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Date: Sun, 6 Oct 2002 18:05:11 -0400 (EDT)
From: Michael Straight 
Subject: Re: (urth) Bio bias

Roy wrote a great post documenting the attitudes toward chems but he lost
me here:

> I've said it before and I'll say it again; yes, Wolfe clearly intended
> chems to be thought of as people in some sense, just as he has other
> automatons in other works. I have no idea whether or not he believes
> they have "souls" but, it seems to me, even for Wolfe there is a line
> that may be approached but that Man's creations may not pass, one that
> separates the created from the Creator, just as surely as in _Genesis_.

I don't think this conclusion follows from your observations.

Wolfe has created a society in which chems are created as tools, thought
of as tools, treated like tools, and even those who would go the farthest
toward treating them like persons, and even the chems themselves, harbor
reservations and make distinctions between chems and bios.

But I don't think that this means Wolfe thinks chems are less persons than
bios.  If the Outsider loves them as persons, then it doesn't matter if
Silk himself thinks of them as mere machines.   I think that Wolfe's
inclusion of various reasons to see the chems as persons alongside these
attitudes is evidence he wants us to question the attitudes.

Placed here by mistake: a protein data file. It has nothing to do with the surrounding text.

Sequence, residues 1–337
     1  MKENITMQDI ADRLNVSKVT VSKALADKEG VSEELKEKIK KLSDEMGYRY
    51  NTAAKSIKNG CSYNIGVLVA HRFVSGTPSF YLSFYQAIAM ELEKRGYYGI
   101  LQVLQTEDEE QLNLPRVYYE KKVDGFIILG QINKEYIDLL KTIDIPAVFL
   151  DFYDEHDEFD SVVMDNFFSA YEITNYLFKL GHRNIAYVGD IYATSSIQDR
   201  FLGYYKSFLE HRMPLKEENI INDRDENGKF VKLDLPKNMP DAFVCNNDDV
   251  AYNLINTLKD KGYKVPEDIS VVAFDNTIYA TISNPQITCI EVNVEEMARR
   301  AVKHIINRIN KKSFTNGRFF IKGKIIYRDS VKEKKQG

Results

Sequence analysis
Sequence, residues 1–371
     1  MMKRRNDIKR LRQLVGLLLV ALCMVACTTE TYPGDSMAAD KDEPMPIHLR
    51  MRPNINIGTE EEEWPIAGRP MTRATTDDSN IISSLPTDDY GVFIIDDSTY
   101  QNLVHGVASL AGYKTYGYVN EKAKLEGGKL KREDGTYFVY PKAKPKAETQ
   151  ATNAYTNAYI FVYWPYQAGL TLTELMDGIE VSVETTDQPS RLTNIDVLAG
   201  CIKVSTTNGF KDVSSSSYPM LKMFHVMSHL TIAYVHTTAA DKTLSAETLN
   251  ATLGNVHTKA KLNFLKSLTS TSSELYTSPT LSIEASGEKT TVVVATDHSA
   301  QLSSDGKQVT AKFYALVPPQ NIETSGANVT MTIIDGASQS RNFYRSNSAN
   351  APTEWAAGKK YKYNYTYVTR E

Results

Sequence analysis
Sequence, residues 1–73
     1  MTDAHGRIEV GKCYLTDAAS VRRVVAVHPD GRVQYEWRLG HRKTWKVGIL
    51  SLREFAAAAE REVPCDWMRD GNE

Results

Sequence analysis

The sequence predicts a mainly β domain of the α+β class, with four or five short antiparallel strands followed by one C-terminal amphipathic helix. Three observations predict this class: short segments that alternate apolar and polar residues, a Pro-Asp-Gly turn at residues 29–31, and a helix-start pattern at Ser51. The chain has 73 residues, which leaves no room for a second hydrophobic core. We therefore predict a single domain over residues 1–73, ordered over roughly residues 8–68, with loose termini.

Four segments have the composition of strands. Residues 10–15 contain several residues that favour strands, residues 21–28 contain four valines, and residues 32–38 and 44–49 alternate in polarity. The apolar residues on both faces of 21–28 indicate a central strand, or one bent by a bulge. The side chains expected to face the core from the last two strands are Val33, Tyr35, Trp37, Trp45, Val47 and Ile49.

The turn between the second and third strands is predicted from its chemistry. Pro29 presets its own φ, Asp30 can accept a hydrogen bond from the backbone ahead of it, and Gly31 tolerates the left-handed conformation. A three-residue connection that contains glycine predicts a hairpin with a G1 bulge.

I think the chems and the inhumi are, among other things, meditations on
determinism and free will.  They are extreme cases of humanity.  The chems
programming and the imhumi's biology drive them to do things that we would
regard as inhuman or even evil.  Does that mean that they are not persons?
God help us if it does.

Are there not human analogues for the callousness Sand shows toward bios?
Can such callousness often be explained in part by analogues of biology
and programming?  To what extent do such explainations negate or mitigate
moral culpability?

And what if there had been no dissent from the view that blacks were
subhuman?  What if they believed it themselves?  Would that make it so?

(Similarly, in the Asimov story mantis quoted, I'm pretty sure we're
supposed to be horrified by Susan's Calvin's action.  Asimov was often
accused of making her too perfect, as if she was his fantasy woman, or
Mary Sue[1] even, so this later story may have been written specifically
to distance himself from the character.)


[1] see this link if you're unfamiliar with the term "Mary Sue"



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